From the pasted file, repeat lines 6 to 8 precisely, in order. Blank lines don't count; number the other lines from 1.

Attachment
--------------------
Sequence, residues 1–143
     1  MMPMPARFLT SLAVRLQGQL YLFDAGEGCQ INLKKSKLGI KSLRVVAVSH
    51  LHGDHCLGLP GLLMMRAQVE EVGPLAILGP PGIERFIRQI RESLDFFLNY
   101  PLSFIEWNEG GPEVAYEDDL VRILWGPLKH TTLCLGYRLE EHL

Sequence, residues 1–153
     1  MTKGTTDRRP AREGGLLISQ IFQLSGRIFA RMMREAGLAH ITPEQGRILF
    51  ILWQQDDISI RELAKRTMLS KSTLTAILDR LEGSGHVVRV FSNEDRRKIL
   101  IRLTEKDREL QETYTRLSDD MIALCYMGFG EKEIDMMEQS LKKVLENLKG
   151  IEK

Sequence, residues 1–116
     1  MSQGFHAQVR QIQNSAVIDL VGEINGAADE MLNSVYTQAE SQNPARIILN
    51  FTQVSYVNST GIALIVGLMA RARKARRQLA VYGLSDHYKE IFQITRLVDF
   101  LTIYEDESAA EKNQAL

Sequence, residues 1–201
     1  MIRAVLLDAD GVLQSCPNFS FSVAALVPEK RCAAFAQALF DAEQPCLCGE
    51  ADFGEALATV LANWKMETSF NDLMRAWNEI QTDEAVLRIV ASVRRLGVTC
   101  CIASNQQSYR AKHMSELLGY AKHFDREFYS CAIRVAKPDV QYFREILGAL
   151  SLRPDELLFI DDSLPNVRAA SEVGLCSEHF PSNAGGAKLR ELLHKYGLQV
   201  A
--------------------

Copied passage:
     1  MTKGTTDRRP AREGGLLISQ IFQLSGRIFA RMMREAGLAH ITPEQGRILF
    51  ILWQQDDISI RELAKRTMLS KSTLTAILDR LEGSGHVVRV FSNEDRRKIL
   101  IRLTEKDREL QETYTRLSDD MIALCYMGFG EKEIDMMEQS LKKVLENLKG